HM Insights

The rise of the SCIO: is your charity constitution still fit for purpose?

In the four years since the Scottish Charitable Incorporated Organisation (SCIO) structure was introduced for charities in Scotland, the number of charitable organisations incorporating as SCIOs has steadily increased. In fact, statistics from 2014 indicate that one third of all new applications to Office of the Scottish Charity Regulator (OSCR) for charitable status are for the SCIO structure.

Charity Definition Constitution Governance

If the number of enquiries we receive from existing charities who are keen to revisit their corporate structure in the new SCIO world is anything to go by, that trend is set to increase.

So why has there been such a rush to become an SCIO? Perhaps it’s a sign of the times that we live in that charities are turning their thoughts to what happens if things go wrong and the organisation is dissolved. A good legal structure, backed up by a robust constitution, provides better protection for those running charities in a worst case scenario, limiting personal liability.

Is it time for your organisation to revisit and revitalise its charitable structure? To help you decide, here’s a useful recap of the main charitable structures:


A trust is governed by a trust deed and involves a number of individuals – or trustees – holding funds and / or property for a purposes which benefits others. The assets are held “in trust” for a particular person(s) or specific purpose(s).

Advantages: Trusts are simple to set up and have a transparent structure in terms of who are the trustees and who are the beneficiaries.

Disadvantages: Trusts do not have a legal identity separate from their trustees. This means that the acquisition of property and entry into leases and contracts must be done in the individual names of the trustees and not the trust itself. This provides trustees with little or no protection from personal liability in the event of default.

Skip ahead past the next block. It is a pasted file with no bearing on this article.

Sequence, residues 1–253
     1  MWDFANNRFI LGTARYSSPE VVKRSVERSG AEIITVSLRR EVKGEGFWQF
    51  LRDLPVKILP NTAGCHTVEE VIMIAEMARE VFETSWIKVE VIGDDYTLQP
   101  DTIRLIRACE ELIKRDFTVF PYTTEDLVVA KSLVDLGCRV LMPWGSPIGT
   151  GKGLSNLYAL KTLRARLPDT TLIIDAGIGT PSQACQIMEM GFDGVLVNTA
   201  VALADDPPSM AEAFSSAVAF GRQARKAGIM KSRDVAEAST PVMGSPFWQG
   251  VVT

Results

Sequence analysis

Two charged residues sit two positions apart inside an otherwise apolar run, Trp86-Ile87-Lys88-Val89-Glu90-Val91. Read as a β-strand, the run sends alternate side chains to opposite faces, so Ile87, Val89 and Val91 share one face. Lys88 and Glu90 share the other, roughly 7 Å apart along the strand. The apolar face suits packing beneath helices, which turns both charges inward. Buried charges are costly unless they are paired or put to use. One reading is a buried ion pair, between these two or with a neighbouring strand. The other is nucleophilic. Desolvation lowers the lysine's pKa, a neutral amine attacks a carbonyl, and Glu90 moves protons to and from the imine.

Companies limited by guarantee

A company limited by guarantee is a separate legal personality from its directors and members and is governed by articles of association. There are no shareholders, profits are not distributed to members and members’ liabilities are limited to a guaranteed sum – usually a nominal £1.

Advantages: The separate legal personality means that contracts are entered into the name of the company and the members and directors do not assume personal liability for them (apart from in exceptional circumstances). A company structure is also familiar to funding bodies and public agencies.

Disadvantages: There are formal registration requirements to be complied with in relation to establishing a company and there are some associated costs in the form of registration dues with Companies House. Have to meet the administrative burden that comes with being a company, as charitable companies are subject to regulation by both the Registrar of Companies and OSCR.


A SCIO is a corporate body which, like a company, has a separate legal personality from its members and trustees and can therefore enter into legal arrangements in its own name rather than in the names of the trustees.

Advantages: Members of a SCIO also enjoy limited liability in the same way as limited companies, but do not carry the same administrative burdens. SCIOs are solely regulated by OSCR as opposed to dual regulation and a dual legal regime.

Disadvantages: Only bodies with charitable status can be an SCIO, if you lose this status then the SCIO would come to an end.

If your organisation is attracted by the benefits of the SCIO model and / or has not reviewed its constitution in some time, now is the time to act and carry out a constitutional “health check”. Send us a copy of your constitution and details of what your charity wants to achieve in the future and we will let you know if your constitution is still fit for purpose.

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If you would like to discuss any of the issues raised by this article, please contact us.


A version of this article first appeared in Third Force News